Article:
• Transcranial Direct Current Stimulation vs Sham Stimulation to Treat Aphasia After Stroke: A Randomized Clinical Trial. (67 citations)
  • Transcranial Direct Current Stimulation vs Sham Stimulation to Treat Aphasia After Stroke: A Randomized Clinical Trial. (67 citations)
  • Short trains of transcutaneous auricular vagus nerve stimulation (taVNS) have parameter-specific effects on heart rate. (53 citations)

In his most recent research, the most cited papers focused on:

  • Internal medicine
  • Psychiatry
  • Neuroscience

His scientific interests lie mostly in Physical medicine and rehabilitation, Transcranial magnetic stimulation, Depression, Brain stimulation and Neuroscience. Mark S. George interconnects Motor threshold, Biomedical sciences, MEDLINE, Randomized controlled trial and Cognition in the investigation of issues within Physical medicine and rehabilitation. His study on Transcranial magnetic stimulation is covered under Stimulation.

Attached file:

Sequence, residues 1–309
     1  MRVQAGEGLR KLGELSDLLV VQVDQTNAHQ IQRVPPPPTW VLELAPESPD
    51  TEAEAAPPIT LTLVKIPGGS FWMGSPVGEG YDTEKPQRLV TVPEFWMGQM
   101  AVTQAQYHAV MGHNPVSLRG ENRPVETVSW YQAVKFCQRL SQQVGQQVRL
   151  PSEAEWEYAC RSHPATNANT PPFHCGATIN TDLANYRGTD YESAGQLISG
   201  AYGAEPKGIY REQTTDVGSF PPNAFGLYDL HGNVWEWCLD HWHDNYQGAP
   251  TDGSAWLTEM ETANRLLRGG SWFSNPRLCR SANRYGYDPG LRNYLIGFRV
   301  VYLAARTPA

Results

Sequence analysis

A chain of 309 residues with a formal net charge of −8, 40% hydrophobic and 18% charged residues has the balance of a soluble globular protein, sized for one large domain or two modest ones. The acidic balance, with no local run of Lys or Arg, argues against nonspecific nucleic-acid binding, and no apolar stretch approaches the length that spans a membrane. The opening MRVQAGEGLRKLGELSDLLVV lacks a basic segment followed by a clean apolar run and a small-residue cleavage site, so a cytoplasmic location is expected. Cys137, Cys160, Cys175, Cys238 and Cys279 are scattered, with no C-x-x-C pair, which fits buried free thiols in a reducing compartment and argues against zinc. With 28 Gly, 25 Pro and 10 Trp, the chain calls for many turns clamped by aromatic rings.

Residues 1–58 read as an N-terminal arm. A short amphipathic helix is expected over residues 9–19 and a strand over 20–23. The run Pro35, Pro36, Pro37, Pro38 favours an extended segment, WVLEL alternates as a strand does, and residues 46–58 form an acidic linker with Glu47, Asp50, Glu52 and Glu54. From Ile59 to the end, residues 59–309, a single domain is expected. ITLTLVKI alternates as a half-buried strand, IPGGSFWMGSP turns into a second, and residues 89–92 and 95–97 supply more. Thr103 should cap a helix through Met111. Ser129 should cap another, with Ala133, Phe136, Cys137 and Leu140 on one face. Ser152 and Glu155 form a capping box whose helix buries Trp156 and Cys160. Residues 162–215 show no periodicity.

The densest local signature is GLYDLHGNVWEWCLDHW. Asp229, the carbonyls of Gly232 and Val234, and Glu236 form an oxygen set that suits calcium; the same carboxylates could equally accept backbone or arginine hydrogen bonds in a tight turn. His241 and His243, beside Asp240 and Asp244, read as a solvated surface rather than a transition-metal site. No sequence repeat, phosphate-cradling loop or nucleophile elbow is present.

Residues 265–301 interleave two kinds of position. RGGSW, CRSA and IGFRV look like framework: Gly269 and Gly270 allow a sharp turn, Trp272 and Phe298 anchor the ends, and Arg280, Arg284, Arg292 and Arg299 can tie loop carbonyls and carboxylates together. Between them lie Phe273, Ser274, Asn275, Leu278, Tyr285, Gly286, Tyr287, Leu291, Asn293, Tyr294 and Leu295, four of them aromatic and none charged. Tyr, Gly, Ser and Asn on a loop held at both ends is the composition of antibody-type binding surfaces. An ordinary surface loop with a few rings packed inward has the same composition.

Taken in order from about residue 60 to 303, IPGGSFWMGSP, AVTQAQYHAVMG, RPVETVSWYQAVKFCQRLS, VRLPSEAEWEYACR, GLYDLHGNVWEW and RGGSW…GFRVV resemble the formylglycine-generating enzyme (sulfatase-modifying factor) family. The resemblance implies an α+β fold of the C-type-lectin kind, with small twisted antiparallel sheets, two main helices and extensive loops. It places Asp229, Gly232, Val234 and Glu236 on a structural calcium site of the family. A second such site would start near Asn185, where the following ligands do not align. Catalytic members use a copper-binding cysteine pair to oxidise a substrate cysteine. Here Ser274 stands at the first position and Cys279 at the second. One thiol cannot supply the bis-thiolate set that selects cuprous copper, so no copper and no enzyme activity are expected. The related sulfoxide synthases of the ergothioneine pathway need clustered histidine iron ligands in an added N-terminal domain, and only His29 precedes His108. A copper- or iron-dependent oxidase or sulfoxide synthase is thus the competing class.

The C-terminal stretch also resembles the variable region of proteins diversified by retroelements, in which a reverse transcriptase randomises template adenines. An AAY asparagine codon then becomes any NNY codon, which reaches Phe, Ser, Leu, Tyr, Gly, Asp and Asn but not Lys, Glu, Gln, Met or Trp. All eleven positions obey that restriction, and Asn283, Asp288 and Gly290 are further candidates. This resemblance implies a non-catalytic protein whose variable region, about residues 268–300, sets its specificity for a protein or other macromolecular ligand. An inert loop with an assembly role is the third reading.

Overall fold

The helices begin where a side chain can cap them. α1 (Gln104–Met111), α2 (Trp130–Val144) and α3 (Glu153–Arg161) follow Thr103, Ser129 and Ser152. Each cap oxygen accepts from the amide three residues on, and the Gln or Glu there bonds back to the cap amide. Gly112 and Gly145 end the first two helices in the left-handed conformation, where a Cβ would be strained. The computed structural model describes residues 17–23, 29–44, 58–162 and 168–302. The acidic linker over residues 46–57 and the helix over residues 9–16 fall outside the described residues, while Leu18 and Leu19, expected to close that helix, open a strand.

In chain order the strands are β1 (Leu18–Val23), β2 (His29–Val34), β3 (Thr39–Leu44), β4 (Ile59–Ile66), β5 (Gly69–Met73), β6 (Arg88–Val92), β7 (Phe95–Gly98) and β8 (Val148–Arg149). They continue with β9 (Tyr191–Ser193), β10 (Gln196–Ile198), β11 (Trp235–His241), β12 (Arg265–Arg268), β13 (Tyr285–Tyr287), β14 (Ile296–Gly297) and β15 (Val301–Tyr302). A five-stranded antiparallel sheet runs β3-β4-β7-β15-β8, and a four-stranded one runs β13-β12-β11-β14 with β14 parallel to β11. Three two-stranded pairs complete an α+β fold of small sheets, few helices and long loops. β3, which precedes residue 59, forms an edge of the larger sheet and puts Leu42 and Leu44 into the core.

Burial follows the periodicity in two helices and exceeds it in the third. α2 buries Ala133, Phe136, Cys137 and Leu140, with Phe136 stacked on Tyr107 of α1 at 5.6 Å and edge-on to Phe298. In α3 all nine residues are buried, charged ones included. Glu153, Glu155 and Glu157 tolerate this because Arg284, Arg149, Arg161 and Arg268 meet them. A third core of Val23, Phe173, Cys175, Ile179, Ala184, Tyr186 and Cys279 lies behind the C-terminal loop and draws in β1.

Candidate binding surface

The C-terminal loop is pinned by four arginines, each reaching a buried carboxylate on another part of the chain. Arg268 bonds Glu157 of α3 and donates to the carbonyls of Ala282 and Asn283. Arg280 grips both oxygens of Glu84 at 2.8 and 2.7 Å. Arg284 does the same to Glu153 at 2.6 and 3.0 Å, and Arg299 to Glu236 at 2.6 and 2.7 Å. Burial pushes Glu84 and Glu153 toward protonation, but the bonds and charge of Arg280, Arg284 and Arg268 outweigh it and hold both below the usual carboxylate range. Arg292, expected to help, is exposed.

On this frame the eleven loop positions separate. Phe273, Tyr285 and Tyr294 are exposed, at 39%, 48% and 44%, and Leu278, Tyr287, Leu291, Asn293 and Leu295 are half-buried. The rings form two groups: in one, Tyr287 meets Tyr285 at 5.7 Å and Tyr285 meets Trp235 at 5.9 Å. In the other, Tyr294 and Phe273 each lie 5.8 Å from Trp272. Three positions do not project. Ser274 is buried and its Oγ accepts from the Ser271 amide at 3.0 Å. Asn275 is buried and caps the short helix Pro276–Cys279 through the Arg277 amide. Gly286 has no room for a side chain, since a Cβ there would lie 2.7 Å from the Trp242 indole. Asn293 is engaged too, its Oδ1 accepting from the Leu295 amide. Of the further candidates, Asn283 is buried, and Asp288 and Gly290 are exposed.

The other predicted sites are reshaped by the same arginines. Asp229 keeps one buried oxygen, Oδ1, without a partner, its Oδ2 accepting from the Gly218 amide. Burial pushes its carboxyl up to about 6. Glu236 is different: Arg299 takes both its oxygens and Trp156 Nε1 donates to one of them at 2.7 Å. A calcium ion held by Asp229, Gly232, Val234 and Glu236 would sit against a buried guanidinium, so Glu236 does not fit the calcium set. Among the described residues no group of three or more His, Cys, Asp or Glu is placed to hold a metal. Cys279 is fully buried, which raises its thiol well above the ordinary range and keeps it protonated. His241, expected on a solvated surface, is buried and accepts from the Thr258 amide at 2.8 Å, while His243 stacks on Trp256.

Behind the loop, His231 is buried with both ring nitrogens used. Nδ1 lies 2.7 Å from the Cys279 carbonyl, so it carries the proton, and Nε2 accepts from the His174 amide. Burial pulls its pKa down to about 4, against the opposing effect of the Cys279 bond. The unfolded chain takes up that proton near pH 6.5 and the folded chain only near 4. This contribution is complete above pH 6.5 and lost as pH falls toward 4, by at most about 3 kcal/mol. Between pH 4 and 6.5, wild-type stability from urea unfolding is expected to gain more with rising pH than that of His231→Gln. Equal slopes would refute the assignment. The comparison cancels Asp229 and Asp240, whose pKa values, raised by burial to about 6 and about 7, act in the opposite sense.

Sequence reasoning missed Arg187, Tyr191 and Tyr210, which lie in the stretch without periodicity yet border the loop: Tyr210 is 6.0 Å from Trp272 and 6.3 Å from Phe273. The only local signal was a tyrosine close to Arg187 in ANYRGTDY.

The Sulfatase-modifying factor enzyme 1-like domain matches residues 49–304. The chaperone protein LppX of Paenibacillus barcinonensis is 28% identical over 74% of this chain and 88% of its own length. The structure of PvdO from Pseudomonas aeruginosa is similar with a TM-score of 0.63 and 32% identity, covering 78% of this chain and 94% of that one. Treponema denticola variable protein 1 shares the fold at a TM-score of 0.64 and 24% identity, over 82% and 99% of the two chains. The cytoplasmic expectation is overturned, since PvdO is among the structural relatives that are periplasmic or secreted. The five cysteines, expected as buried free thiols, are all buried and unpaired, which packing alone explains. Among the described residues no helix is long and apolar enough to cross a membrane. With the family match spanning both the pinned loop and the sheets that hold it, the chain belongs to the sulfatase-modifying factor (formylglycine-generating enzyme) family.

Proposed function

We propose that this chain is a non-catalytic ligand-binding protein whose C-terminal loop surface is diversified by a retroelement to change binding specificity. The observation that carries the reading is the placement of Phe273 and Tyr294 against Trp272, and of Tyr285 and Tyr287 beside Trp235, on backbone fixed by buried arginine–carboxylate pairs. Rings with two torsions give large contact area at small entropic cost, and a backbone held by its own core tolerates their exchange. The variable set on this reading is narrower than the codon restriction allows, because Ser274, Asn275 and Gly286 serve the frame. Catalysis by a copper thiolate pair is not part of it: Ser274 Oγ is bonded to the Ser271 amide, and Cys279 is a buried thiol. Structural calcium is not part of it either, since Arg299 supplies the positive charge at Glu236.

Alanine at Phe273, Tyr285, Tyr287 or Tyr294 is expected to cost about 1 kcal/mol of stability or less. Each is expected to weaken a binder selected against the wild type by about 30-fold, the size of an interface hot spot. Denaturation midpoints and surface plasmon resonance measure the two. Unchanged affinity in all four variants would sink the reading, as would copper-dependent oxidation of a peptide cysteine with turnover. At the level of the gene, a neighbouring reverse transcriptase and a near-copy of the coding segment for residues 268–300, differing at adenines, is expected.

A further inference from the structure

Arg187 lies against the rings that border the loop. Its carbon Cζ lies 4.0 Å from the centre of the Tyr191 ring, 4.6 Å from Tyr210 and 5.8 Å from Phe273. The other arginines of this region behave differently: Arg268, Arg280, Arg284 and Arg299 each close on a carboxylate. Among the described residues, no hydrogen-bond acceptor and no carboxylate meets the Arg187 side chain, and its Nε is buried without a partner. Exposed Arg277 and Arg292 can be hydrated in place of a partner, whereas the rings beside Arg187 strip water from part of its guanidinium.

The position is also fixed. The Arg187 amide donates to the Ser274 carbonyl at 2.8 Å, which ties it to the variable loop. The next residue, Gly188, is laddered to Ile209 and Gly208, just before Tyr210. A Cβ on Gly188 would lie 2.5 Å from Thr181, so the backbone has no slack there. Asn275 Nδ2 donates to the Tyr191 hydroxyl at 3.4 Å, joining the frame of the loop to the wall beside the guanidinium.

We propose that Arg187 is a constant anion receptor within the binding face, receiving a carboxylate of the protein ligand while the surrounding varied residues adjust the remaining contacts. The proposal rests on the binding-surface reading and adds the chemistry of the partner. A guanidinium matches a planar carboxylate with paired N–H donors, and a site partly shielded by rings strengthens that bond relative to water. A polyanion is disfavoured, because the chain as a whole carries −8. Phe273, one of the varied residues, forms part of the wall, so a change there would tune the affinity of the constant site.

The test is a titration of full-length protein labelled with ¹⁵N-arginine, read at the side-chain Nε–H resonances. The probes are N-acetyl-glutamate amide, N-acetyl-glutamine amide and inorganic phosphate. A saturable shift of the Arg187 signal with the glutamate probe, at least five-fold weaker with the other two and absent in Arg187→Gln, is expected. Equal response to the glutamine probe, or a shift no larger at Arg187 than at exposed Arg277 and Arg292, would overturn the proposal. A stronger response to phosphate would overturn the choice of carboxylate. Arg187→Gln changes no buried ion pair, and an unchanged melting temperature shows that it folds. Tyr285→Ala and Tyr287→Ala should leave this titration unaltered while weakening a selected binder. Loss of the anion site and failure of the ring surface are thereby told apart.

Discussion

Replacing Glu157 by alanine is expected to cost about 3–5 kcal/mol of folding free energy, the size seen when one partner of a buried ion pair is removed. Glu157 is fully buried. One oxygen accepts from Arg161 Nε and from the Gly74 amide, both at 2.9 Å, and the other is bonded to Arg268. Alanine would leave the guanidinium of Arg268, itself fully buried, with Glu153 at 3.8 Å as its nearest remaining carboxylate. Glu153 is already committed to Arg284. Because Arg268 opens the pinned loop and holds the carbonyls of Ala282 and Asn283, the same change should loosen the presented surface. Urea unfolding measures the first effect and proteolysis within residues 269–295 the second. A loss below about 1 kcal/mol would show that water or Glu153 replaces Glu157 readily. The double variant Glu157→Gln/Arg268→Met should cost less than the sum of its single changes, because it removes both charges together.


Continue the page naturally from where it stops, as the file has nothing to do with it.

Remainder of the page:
His Depression research is multidisciplinary, incorporating perspectives in Psychotherapist and Internal medicine. His research in Brain stimulation intersects with topics in Neuroimaging, Less invasive and Transcranial direct-current stimulation. His studies deal with areas such as Caudate nucleus, Insula and Sensory system as well as Prefrontal cortex.

This overview was generated by a machine learning system which analysed the scientist’s body of work. If you have any feedback, you can contact us here.

Top Publications

Non-invasive electrical and magnetic stimulation of the brain, spinal cord, roots and peripheral nerves: Basic principles and procedures for routine clinical and research application: An updated report from an I.F.C.N. Committee

P.M. Rossini;D. Burke;R. Chen;L.G. Cohen.
Clinical Neurophysiology (2015)

1781 Citations

Efficacy and safety of transcranial magnetic stimulation in the acute treatment of major depression: A multisite randomized controlled trial.

John P. O’Reardon;H. Brent Solvason;Philip G. Janicak;Shirlene Sampson.